Tips 1-4 are below.
#1 Forget about a career path
In creative industries, your career path will not necessarily be linear, heading up the promotion totem pole. Creative industries most often promote based on your skill level. The best writer may have been writing for a year, but if they are the best, they will be the one to get the book deal. The cover designer that produces evocative covers that fit the book are the ones that will be commissioned again.
Lisa hasn't had a linear carer path by any means. She is a freelance vegan food writer, started her own small press, is currently Director of the Emerging Writers Festival and is a Publishing Lecturer at NMIT Fairfield.
#2 Embrace DIY - Independent Publishing
Lisa claims that she has learnt way more by teaching herself to be a publisher than she would have by working ten years in a big publishing house. At big publishing houses, you work in a department, either editorial, marketing, sales etc, and though you learn that role well, you won't learn other areas of the industry. By starting her own small press, Vignette, Lisa had to learn every facet of publishing, be it proof reading, pitching titles to booksellers, invoicing or taxes.
Lisa has produced two "Mooks" (Magazine/Books) The Sex Mook and the Death Mook through Vignette Press.
(Vignette Press will soon open submissions to the Geek Mook, check out deets here)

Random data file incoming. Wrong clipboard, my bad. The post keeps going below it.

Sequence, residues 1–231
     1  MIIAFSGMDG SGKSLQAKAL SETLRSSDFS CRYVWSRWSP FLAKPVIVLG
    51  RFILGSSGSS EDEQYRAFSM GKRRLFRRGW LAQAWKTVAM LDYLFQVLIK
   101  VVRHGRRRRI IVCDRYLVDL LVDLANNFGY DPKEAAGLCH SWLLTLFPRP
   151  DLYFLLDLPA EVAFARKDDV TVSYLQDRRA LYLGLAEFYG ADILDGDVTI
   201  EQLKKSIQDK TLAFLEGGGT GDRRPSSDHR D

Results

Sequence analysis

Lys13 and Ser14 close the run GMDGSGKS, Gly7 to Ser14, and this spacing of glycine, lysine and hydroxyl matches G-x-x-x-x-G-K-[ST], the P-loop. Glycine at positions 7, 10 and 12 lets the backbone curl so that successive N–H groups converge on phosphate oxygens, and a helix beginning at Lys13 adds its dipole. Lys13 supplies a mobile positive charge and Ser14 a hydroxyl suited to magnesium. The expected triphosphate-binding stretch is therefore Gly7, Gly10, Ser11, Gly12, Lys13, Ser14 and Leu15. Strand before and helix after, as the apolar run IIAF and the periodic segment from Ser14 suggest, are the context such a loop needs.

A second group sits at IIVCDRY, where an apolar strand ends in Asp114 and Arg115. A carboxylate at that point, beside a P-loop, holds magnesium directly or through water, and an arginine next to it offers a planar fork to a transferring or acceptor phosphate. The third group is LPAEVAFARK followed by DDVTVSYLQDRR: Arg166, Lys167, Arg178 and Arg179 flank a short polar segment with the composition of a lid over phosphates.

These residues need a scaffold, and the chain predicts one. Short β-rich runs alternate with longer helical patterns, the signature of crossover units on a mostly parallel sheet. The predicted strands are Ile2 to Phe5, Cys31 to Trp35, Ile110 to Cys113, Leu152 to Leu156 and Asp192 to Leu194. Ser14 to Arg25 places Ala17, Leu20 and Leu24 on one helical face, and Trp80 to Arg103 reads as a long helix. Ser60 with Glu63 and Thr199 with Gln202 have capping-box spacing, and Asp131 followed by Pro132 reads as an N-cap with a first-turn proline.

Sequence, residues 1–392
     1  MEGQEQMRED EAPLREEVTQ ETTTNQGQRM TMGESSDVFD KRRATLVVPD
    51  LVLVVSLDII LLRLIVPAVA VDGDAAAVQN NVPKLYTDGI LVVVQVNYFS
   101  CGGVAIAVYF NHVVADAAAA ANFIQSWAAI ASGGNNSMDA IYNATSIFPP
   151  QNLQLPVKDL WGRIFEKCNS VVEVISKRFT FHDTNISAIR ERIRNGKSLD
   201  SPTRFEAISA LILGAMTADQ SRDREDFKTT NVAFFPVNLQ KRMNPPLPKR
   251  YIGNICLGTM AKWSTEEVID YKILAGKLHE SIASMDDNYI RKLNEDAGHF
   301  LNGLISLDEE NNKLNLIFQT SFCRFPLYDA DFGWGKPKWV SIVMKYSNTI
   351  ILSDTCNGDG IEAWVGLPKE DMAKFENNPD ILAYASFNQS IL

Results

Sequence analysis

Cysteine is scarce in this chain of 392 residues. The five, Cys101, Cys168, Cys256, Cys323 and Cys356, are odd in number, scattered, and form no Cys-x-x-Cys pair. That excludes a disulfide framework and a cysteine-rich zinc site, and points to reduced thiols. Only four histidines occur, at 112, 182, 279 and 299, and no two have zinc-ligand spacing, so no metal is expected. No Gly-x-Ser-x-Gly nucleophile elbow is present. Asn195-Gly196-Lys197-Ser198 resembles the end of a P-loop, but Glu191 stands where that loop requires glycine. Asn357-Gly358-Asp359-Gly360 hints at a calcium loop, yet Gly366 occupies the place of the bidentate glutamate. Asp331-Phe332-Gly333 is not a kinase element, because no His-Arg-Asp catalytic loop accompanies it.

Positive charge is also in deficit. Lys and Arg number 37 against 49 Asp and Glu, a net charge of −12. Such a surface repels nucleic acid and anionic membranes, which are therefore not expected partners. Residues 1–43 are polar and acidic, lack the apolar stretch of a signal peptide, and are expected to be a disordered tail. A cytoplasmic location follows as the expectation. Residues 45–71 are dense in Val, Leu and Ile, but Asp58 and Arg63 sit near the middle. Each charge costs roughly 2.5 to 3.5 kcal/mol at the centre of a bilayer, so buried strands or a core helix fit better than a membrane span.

Whether you want to start a music festival, make a film, self publish a book – go out and do it. You will learn SO much by giving it a go.
#3 No opportunity is too small
You never know where the people you meet and things you do will lead you in the future.
Five years ago no one would have thought that Lisa would be heading a writers festival
Related to #3, Lisa also suggests you:
#3a Show up to things
This is a big one, people. One I'm not fantastic at yet, but it's not because I underestimate how important it is. Lisa says you should go to book launches, programs and submit things to journals and competitions. You might meet a like-minded stranger at a festival and make a best friend or even a business partner out of them. You might submit some work to a journal and it is rejected by the committee, but when the committee member who loved your story moves on to another position, they will very well remember you and your talent.
Personally, I attended two SCBWI Conferences in 2009 and made some of the best writing friends I could have there.
#4 Put your writing out there
Lisa says keep writing. That's so important. But don’t keep it to yourself – put it out there.
Lisa is a big advocate of blogging and says that if you’re interesting or a good writer, people will read you.
Blogging helped her to learn to write succinctly, in her own voice and regularly.
But there are other things you can do other than blogging. If you’re a poet, go to spoken word events. A political commentator or comedian? Twitter is a great place to test out your skills.
That's it for today! What are your thoughts?
On Thursday, find PART TWO, with Lisa's Tips #5-7.
#5 Anyone can be successful
#6 You will fail and make enormous mistakes. And that's okay.
#7 Do what you care about.
Lisa Dempster is a jack of all trades in the publishing industry. She is a vegan food writer, has worked on a contract basis for publishing companies, bought out a small press and created her very own, Vignette Press, and is currently the Director of a two week festival for writers here in Melbourne, The Emerging Writers Festival (which starts this week) as well as being a Bachelor of Writing & Publishing Lecturer at NMIT, Fairfield. Phew!